The first auction catalogue that I studied in depth presented the collection of a 1960s New York artist, whose belongings were offered in a single sale by a venerated auction house. The heavy tome was filled with disparate objects, hinting at the artist’s affinities with modernism’s universalist conceptions: evidence of his late blooming interest in Buddhism and Chinese scholar’s rocks, the occasional canonical design chair, and assorted rare instruments and textiles, all commingling with Arts and Crafts furniture and indigenous masks from Borneo. The sale also included drawings, paintings, and sculpture by the artist’s peers, suggesting a lifetime of intimate trading, and providing a carefully staged context for the artist’s own work, which in turn cast value back on his objects— the individual auction lots offered for sale.
At the time, I was living in the downtown Manhattan loft of an older artist couple. The massive space was my first New York apartment after graduate school: a sublet paid for mostly by my LA–based boyfriend at the time, who recorded audio commentaries for DVD extras in the loft when he visited, then charged the movie studios a ‘location fee’ for doing so. I would come home to models hanging out in the building’s stairwell, waiting for some famous actor inside, and leftover trays of catering carefully wrapped in the fridge that we would live off of for days. The loft was a top-floor duplex that the owners renovated themselves, with catwalks, studio space, and a small library where I eventually dragged my mattress, curling up under an electric blanket and insulated by books, as I couldn’t afford to heat the whole space. It was there that I found the auction catalogue.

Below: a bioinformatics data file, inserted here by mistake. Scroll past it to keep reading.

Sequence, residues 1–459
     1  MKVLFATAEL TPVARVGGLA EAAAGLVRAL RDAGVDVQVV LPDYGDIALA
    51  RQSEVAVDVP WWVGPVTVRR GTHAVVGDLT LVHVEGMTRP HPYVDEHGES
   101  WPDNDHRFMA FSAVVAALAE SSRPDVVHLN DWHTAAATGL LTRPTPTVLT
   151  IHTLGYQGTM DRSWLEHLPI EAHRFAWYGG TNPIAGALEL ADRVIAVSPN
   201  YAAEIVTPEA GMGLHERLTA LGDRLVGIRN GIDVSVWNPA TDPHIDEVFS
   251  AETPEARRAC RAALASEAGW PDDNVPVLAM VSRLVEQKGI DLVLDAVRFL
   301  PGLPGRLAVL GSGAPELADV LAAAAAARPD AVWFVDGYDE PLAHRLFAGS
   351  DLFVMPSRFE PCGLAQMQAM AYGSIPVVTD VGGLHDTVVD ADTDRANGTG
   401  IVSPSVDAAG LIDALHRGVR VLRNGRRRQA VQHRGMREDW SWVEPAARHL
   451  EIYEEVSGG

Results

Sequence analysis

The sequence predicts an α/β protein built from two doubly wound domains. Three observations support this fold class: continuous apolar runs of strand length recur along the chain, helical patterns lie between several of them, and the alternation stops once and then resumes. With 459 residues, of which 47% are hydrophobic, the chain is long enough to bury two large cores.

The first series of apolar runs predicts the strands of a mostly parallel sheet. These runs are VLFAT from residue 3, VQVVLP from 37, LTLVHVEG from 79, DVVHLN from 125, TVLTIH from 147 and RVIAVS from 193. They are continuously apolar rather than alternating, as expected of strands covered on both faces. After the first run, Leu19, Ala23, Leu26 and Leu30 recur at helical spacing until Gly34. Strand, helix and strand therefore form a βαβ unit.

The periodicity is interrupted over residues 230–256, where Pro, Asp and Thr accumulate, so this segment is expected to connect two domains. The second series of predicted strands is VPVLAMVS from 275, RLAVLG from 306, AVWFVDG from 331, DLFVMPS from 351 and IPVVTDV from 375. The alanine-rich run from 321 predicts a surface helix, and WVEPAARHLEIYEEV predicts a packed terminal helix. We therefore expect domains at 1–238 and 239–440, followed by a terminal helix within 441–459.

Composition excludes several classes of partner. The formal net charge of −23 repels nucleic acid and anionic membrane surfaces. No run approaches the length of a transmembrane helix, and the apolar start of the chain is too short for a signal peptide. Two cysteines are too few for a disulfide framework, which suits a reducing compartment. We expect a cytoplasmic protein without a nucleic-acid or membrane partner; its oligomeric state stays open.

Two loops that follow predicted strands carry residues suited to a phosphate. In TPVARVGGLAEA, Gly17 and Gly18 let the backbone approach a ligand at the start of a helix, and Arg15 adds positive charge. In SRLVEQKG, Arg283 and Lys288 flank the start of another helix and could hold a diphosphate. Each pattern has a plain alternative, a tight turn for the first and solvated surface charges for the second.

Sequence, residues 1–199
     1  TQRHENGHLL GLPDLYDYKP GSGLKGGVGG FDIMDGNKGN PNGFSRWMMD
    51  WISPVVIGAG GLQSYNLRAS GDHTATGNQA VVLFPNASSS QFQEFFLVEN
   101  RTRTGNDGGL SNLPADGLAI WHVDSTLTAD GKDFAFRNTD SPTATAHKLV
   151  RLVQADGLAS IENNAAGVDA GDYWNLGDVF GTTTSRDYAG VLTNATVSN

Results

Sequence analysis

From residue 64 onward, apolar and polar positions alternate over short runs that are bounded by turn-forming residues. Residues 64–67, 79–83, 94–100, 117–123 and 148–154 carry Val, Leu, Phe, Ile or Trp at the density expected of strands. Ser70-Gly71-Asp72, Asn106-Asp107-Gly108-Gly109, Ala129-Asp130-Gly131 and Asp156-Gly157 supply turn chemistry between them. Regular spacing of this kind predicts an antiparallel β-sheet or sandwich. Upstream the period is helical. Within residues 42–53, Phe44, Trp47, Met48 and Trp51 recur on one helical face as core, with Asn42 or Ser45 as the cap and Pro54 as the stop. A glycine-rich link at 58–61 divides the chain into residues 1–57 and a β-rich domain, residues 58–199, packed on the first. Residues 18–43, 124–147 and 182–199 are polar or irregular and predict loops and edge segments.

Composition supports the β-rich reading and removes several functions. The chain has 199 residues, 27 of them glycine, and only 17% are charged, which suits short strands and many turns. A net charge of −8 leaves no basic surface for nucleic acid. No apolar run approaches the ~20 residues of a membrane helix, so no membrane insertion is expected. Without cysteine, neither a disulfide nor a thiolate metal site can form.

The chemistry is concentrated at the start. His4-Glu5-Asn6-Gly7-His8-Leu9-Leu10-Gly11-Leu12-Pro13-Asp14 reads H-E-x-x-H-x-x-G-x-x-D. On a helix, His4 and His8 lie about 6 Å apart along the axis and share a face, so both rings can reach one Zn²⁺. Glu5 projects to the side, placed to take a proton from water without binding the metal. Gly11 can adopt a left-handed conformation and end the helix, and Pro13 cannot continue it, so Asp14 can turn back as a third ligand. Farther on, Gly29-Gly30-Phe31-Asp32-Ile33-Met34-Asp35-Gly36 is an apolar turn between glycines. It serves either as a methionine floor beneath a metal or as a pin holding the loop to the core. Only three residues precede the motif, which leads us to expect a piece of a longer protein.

At first, the catalogue seemed a potential source of comfort and inspiration— suggesting possibilities of cohabitation with sympathetic objects, glimpses of what an artist’s domestic life might evidence after years of immersion in aesthetic affinities, devoted friendships, and one’s own work. But instead of stimulation, a sense of depression settled over me. The evidence of a life on display, replete with the cultural accumulations of an individual artist’s trajectory, was suddenly just that—a mere fleeting stretch on the longer continuum of objects and their movements. Things gathered but for a moment, before being disassembled and re-absorbed into different gatherings, with new owners and adjacencies.
The molecular division of cultural materials—paintings, sculptures, objects, documents, books, and maps—combining and separating from one collection to the next is barely visible from our limited temporal perspective, occupying, as we do, several quick scenes across a century. Individual owners are ephemeral, interim custodians. Meanwhile, the object moves on through vast expanses of history, subject to motivations of profit, speculation, theft, exploitation, the whims of fashion and taste, pedagogy, and pathologies of the encyclopedic and of completion, as well as profound and inexplicable attachment.